Mansaf is a rice and meat dish, which I will go into in the next post… (to be posted very soon)…
The meat used for mansaf is usually not very flavoursome, so I’ve come to make an amazing roast to replace it!
Below is a recipe for the roast only, in the coming post, I will put up the mansaf recipe, which calls on this roast.
Not a fan of red meat, but gosh, I even loved this roast!
Serves: 20 (when made with the mansaf)
2.5kgs lamb chunks
juice of one lemon
a couple sprigs rosemary
a drizzle of some type of oil
cloves from half a head of garlic
a pickled/fresh green chilli, or two
lots of salt, pepper, onion powder and baharat and water
Defrost the meat in the fridge overnight.
Remove the meat from the fridge, and trim off any large amounts of fat.
Wash the chunks and drain any blood that’s come off into the tray while defrosting.
Spread out the chunks over a deep baking tray.
For the spice rub, the way I “measured it” was by coating the meat a number of times, so for example, go over all the pieces three times sprinkling salt generously, once over for pepper, once for onion salt, twice for the baharat.
Toss the meat so that all the pieces are evenly coated.
With a knife, make incisions into the meat.
Slice the cloves of garlic into halves or thirds and scatter over the meat, but also inserting some into the incisions.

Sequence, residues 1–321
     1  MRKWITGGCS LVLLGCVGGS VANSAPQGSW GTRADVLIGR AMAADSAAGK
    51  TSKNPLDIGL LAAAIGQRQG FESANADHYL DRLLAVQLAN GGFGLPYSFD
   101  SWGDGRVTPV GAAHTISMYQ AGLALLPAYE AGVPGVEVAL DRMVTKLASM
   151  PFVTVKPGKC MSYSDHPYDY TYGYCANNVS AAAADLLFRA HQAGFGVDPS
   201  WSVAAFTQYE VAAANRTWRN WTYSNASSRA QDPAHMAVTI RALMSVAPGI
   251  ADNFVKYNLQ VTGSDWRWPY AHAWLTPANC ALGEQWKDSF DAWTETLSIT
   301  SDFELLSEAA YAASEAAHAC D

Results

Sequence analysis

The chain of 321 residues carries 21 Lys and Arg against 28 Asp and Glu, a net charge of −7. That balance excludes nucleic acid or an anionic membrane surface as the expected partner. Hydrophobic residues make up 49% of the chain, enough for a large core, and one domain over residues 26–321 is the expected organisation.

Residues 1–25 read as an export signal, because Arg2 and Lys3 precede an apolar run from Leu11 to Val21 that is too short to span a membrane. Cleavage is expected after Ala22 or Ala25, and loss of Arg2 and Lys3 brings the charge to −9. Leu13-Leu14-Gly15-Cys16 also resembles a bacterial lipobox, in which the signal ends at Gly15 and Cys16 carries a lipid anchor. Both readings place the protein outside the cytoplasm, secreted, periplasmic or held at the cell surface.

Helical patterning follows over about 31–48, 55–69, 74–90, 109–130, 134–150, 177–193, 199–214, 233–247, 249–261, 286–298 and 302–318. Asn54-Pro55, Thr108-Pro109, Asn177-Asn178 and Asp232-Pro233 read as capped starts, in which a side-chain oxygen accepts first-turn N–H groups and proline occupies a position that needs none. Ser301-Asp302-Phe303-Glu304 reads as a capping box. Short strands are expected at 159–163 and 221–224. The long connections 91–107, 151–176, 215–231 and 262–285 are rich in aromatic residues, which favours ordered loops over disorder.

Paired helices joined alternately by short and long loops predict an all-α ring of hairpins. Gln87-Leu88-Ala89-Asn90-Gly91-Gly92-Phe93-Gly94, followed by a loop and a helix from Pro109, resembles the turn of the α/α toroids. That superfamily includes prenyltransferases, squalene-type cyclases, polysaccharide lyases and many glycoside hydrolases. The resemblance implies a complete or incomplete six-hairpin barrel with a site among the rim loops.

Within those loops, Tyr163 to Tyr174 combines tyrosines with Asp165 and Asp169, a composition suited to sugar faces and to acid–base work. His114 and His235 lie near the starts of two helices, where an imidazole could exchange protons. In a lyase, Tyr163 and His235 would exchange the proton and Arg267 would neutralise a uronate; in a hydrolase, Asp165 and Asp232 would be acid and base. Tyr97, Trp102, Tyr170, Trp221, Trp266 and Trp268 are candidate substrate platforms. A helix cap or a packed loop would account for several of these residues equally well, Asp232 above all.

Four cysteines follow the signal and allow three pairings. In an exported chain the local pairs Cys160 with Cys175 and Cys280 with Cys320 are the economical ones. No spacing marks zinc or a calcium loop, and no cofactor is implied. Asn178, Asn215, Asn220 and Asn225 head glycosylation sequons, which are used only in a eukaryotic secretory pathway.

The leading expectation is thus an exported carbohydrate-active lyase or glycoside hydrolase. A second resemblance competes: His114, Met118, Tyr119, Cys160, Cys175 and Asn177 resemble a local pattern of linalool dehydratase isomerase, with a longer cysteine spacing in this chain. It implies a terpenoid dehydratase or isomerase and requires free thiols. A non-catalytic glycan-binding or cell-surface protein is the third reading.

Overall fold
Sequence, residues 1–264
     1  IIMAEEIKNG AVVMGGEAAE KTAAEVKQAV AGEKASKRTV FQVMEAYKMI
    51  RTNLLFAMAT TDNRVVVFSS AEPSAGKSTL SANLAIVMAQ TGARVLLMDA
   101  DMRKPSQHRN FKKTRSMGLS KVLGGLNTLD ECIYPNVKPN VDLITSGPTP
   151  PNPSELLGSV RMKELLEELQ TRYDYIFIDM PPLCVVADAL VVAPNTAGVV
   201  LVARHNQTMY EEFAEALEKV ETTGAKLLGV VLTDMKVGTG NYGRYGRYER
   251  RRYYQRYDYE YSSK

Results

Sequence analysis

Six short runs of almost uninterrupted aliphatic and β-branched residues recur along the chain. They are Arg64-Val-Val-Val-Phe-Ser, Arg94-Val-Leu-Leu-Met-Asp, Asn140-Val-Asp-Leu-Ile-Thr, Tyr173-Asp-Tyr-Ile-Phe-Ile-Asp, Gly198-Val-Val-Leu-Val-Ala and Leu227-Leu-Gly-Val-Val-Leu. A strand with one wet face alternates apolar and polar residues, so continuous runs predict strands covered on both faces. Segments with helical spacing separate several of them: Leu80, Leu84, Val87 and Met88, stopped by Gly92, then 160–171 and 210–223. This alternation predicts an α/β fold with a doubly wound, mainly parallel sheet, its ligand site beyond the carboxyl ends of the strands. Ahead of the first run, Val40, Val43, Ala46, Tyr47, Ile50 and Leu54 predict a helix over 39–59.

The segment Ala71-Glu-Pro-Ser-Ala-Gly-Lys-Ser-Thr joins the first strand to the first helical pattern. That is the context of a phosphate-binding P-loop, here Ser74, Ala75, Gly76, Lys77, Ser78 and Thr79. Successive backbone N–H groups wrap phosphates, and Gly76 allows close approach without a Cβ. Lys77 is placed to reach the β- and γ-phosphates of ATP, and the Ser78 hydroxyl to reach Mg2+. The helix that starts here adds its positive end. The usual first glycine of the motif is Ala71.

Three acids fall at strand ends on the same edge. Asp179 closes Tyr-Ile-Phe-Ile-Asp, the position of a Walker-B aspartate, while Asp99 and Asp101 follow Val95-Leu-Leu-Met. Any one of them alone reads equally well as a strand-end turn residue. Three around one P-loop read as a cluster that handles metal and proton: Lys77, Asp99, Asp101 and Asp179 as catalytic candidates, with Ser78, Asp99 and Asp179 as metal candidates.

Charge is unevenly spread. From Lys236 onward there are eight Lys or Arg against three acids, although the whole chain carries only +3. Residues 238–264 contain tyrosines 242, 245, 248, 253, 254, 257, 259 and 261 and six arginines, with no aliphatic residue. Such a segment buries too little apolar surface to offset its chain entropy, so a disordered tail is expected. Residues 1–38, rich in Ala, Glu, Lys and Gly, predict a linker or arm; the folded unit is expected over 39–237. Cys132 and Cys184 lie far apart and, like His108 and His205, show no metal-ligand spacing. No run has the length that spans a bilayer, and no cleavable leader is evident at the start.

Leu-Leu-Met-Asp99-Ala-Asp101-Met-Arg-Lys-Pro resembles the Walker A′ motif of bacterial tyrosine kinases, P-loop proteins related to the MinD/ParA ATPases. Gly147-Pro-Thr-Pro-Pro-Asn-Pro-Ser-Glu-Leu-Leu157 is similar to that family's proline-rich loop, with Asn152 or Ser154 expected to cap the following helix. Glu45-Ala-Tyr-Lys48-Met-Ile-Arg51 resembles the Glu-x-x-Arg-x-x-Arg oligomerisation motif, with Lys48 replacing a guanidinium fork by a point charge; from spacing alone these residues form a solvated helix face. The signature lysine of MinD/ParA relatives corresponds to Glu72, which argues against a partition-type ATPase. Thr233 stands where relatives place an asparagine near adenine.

Chop up a chilli and add it in.
Finally, pour over the lemon juice and cover the tray with al-foil.
Leave to rest on a bench for at least an hour or two.
Preheat the oven to 160 degrees celsius before marinade time is over.
Pop in the tray on the middle shelf and let it cook undisturbed for 2 hours.
At the 2 hour mark, remove from the oven, peel off the al-foil and scatter the rosemary over the meat.
I like to do this because the rosemary can sometimes make the meat taste bitter, putting it in after the meat is almost cooked infuses the flavour without making it taste bitter!
Cover with the foil and return to the oven to cook for another hour.
Inserting a knife into the meat, the juices should run clear: it means your meat’s done!
Be sure to retain the juices to make gravy. That’s what I’ve done
You can serve this just like a roast with baked potatoes (which is what I would’ve done), but I used the roast to make mansaf.. Either way,